Telstra boosts Thai satellite broadband project

Telstra Wholesale will this month begin construction of the earth stations for a new broadband satellite service that can transmit data for a third of the cost of conventional satellites. The geo-stationary satellite, ipstar, is owned by Thai company Shin Satellite, which last year entered a memorandum of understanding with Reach - a joint venture between Telstra and Hong Kong-based PCCW.

Telstra Wholesale will this month begin construction of the earth stations for a new broadband satellite service that can transmit data for a third of the cost of conventional satellites.

The geo-stationary satellite, ipstar, is owned by Thai company Shin Satellite, which last year entered a memorandum of understanding with Reach - a joint venture between Telstra and Hong Kong-based PCCW. The 6.3 tonne satellite ipstar-1 has an aggregate capacity of 40 gigabits per second, compared to a conventional satellite's capacity of 2-3 Gbps.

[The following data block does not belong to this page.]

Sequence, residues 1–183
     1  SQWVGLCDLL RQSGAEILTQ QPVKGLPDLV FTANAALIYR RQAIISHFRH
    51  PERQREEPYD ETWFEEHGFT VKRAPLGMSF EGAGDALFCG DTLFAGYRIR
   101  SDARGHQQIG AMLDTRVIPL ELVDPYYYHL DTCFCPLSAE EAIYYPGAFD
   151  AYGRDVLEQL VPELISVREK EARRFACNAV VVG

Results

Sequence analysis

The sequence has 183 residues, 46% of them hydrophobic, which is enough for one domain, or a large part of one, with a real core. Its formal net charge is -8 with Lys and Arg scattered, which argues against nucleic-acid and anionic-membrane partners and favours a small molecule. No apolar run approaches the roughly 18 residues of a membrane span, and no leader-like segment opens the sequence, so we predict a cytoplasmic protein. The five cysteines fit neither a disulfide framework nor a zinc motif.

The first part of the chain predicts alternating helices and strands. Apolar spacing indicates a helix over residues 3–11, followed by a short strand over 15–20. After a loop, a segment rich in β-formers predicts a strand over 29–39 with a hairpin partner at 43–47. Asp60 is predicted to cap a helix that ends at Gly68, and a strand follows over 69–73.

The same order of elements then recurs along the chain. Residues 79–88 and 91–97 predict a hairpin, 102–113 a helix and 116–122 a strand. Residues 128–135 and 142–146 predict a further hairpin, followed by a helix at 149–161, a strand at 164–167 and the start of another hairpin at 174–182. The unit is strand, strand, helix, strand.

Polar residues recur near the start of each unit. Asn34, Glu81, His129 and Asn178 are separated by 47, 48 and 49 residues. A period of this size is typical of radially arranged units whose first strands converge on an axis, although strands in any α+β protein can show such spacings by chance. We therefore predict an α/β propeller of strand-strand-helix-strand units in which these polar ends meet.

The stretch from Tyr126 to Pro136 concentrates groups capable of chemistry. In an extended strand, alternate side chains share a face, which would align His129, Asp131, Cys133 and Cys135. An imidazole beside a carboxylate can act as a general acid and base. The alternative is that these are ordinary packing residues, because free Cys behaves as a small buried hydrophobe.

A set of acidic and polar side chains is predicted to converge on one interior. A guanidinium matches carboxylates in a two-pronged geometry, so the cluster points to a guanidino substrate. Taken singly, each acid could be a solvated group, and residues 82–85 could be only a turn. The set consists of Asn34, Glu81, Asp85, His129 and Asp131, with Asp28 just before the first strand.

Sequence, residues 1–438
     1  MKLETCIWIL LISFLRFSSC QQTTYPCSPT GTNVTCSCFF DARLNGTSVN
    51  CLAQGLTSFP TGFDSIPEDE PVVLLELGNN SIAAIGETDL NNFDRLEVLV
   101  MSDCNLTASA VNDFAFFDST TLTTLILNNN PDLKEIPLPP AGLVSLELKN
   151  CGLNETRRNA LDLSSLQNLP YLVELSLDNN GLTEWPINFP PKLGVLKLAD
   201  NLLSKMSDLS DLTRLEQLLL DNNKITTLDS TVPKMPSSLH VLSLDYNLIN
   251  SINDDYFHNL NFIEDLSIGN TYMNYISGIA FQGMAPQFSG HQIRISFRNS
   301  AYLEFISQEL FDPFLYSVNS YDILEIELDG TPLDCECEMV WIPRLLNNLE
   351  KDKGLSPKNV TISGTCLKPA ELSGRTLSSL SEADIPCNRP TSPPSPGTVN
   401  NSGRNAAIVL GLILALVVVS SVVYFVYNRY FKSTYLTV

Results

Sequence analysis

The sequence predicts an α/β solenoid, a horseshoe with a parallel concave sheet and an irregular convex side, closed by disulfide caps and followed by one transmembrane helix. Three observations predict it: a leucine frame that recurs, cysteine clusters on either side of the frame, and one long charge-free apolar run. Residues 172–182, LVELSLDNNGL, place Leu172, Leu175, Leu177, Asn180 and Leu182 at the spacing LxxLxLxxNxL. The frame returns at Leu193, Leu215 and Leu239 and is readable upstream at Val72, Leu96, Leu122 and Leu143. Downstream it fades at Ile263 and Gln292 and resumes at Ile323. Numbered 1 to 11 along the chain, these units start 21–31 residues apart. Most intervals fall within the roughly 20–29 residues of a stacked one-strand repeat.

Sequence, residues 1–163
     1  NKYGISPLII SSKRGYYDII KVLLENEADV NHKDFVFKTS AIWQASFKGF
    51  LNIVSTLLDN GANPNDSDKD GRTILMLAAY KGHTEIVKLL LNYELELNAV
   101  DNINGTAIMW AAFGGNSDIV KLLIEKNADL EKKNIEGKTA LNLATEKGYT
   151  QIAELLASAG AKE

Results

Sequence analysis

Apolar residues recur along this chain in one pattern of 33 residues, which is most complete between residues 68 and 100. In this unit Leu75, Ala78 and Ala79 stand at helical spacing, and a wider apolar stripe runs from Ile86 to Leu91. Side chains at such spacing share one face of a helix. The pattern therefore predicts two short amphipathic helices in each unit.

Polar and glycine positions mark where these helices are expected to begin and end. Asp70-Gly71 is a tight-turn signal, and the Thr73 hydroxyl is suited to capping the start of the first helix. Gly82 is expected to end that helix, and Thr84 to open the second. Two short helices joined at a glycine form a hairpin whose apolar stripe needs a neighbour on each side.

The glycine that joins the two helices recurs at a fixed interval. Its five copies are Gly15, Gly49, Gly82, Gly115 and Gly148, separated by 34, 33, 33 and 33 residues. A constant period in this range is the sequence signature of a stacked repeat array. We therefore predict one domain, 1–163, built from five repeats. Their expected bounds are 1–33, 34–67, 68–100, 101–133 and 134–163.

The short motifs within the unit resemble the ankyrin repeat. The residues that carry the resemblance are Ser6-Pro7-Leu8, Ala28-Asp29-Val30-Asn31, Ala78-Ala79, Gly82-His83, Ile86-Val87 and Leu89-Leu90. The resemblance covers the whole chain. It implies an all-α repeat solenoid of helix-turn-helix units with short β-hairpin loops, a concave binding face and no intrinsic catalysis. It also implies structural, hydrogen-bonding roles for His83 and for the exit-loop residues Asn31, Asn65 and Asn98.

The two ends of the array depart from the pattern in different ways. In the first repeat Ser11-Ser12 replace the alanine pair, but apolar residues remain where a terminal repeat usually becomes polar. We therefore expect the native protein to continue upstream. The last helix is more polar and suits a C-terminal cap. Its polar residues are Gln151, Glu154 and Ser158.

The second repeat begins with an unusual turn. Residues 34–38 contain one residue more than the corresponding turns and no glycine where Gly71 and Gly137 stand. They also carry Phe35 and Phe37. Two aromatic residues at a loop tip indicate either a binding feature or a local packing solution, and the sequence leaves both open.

Telstra Wholesale has been contracted to design and construct multi-million dollar satellite earth station facilities at Kalgoorlie and Broken Hill, which are planned to be finished later this year.

"Ipstar has superior capabilities that will create a unique and cost effective means of communication for consumers and businesses across Australia for applications such as Virtual Private Network, telephony on IP, video conferencing and video on demand," said Dr Nongluck Phinainitsart, president of Shin Satellite.

Telstra spokesperson Rod Bruem told ZDNet Australia   it had not yet been decided who would supply the long-haul data from the earth stations. The ipstar satellite has both the old Ku-band transponders and the next-generation Ka-band transponders.

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